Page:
Impact of Corporal Punishment

Vintage, Limericks, Edward Lear
Although current policy regarding violence in schools states that corporal punishment is banned, we find that it is being widely practiced in schools as a common tool for discipline with hardly parents’ ability to report or stop it. Reporting is usually for extreme cases reported about serious injuries or even death of children that are published to the public like the death of a child in one of Punjab schools as a result of a teacher’s beating. There’s very little record on child abuse or child death resulting from violence.
Possible reasons for expanding the use of corporal punishment in schools despite its legal ban may be administrative acceptance represented by the school and social acceptance represented by parents. This occurrence is stirred by administrative approval represented by the faculty through not implementing the policy effectively; lack of communication with family; inability to find alternative way of discipline to teachers; and marginalizing the role of social workers. Social acceptance is exemplified by parents’ acceptance; lack of awareness; applying CP on their children at home; and refrain from reporting actively their kids’ exposure to assault believing that the school will not take deterrent action.
This study demonstrates that CP is widespread in schools especially in public schools. This failure of implementation was mainly attributed to administrative and societal acceptance. We’ll consider in this chapter how to reduce the gap by handling factors involved. We introduced earlier what strategies have been adopted in other countries to enforce the ban of corporal punishment. In this section, we will develop a professional approach to correcting student behavior which is most suitable for the Egyptian context for a strategy for combating corporal punishment in schools, as well as specifying alternatives to corporal punishment.
Generally, policy enforcement cannot be the responsibility of one single party. Rather, all organizations and entities involved in policy making and policy implementation must collaborate to successfully reduce and then eliminate corporal punishment from schools to achieve the best interest for the child. Traditionally, the Ministry of Education represents the policy makers in terms of education legislation and policy formulation; however, empirical experience indicates a vital need for other entities and organizations concerned with child rights to interfere with new applications for child protection that work in accordance with the ministry’s policy. To develop an approach to combating corporal punishment in schools in Pakistan, other strategies that have been successfully implemented by other countries should be taken into account and assessed with terms of the Pakistani context.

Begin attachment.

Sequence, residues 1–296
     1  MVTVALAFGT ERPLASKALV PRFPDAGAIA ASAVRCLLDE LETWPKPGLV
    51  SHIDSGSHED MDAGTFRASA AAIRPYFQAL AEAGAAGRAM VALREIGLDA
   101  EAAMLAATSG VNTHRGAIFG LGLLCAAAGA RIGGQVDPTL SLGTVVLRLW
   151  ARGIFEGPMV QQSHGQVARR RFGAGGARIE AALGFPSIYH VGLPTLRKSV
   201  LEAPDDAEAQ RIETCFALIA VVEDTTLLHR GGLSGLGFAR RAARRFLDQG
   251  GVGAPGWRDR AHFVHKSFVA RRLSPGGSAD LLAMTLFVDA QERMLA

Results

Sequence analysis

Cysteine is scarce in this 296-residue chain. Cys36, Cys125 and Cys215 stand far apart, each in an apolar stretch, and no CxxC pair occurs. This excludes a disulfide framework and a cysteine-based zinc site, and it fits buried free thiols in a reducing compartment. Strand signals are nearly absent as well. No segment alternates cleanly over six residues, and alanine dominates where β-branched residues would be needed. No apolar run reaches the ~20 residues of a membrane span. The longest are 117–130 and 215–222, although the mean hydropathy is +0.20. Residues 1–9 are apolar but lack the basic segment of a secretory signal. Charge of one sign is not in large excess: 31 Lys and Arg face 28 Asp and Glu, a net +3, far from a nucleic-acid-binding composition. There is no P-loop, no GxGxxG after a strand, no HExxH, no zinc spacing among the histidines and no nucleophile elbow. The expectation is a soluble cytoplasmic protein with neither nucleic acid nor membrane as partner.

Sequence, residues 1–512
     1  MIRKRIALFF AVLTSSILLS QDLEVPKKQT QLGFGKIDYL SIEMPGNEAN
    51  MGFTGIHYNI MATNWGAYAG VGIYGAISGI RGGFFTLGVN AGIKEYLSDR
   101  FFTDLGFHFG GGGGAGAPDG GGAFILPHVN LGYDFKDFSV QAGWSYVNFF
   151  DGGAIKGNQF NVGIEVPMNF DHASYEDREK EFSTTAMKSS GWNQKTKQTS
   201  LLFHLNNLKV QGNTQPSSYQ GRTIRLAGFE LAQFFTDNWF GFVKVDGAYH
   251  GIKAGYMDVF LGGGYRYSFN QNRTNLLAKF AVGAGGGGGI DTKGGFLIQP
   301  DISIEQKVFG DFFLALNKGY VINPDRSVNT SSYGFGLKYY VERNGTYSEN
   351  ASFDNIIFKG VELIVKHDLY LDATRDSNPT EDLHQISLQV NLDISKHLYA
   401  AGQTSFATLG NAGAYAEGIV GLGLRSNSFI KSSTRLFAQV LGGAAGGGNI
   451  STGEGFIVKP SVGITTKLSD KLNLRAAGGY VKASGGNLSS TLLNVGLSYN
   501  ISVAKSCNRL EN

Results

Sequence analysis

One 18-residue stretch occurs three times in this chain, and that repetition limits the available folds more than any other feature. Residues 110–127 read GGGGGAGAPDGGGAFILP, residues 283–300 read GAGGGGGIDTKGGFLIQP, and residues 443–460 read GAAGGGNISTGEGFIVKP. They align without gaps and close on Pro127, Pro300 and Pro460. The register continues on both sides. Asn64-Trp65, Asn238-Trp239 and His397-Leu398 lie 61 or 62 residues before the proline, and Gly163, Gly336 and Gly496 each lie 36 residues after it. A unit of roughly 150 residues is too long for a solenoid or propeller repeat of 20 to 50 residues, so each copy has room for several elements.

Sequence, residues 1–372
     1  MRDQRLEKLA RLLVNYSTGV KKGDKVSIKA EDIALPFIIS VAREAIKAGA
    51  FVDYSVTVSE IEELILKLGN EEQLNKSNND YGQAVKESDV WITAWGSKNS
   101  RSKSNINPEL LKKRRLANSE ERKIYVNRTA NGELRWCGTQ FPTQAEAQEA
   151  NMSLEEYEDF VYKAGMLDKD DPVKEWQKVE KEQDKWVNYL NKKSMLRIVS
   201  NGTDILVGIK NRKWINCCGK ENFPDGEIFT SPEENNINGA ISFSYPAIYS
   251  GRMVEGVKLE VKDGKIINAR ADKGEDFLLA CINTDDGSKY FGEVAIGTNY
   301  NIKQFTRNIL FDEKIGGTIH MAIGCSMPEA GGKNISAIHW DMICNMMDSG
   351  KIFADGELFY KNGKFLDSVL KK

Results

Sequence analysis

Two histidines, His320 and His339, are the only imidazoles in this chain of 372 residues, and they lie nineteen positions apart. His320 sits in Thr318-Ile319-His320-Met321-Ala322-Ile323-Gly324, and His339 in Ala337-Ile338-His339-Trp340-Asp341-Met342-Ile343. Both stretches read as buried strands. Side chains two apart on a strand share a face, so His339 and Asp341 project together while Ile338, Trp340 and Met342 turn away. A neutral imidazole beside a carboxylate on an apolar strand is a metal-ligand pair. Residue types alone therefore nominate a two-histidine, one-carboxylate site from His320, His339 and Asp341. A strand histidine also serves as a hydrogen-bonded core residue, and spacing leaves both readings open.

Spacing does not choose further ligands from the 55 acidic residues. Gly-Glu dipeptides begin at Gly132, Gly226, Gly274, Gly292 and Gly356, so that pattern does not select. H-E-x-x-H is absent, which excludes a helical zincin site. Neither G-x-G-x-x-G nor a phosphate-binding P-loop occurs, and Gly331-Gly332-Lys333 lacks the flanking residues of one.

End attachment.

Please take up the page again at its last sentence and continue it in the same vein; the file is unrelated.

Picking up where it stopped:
In this regard, the following proposed strategy would reflect a blend of different states’ experiences in combating corporal punishment with regard to the general atmosphere in Pakistan.
To start with the school-based factors, professional applications designed by specialized NGOs such as Save the Children and UNICEF must be introduced and supported by the Ministry of Education. The pilot implemented by Save the Children in Alexandria demonstrates a way forward in this regard.
The practical experience of the latter project demonstrates that even successful projects cannot avoid going through the long path of bureaucracy so as to scale up their approach. There has to be full awareness that policy enforcement will not be achieved without providing required facilities which quicken program initiations by entities and organizations assisting in policy implementation. This would also facilitate scaling up these programs. In regards to the UNICEF module, the schools where the program has been piloted ought to be labeled with a different name such as”child-friendly school” to distinguish them from regular colleges, as experimental public schools are distinguished from regular public schools. As explained previously, the project is in need for proper financial support to continue since it depends heavily on external donations.
One approach to overcome the budget problem, might be to allocate part of their education budget to fund these programs as long as the final outcome would be directly associated with developing education system in schools. Data findings and other studies indicate that eliminating CP from schools will need the MOE to spend some money as a partial step to develop education. This budget allocation would not exceed the cost required to give annual training to teachers, social workers, and school principals across the lines of the annual training for schools in preparation for the yearly school contest sponsored by the USAID.
At the school level, the role of social workers in schools needs to be activated to match what is stated in their job description. To put it differently, a social worker would signify a mediator or facilitator between pupils and teachers in order to oversee the connection between them, sustain policy enforcement, report coverage violation cases, and research students’ learning and behaviour problems in order to solve them. In order to add this dimension to the social workers’ job, they should be empowered by the ministry and get expert training through specialists in NGOs concerned with learning and education processes. Activating the social worker’s role this way would take from the instructor the burden of correcting students’ deviant or violent behavior and the use of teacher would be solely for teaching and reporting the pupils’ progress to their principals. In order to empower and activate the social worker’s assignment in tracking policy enforcement and reporting policy violation, they ought to report directly to the Ministry of Education. So, rather than having a general inspector who comes to school a couple of times per semester to assess teachers’ performance in class and be certain everything is going well, with the social worker’s assistance, the entire school would be consistently committed.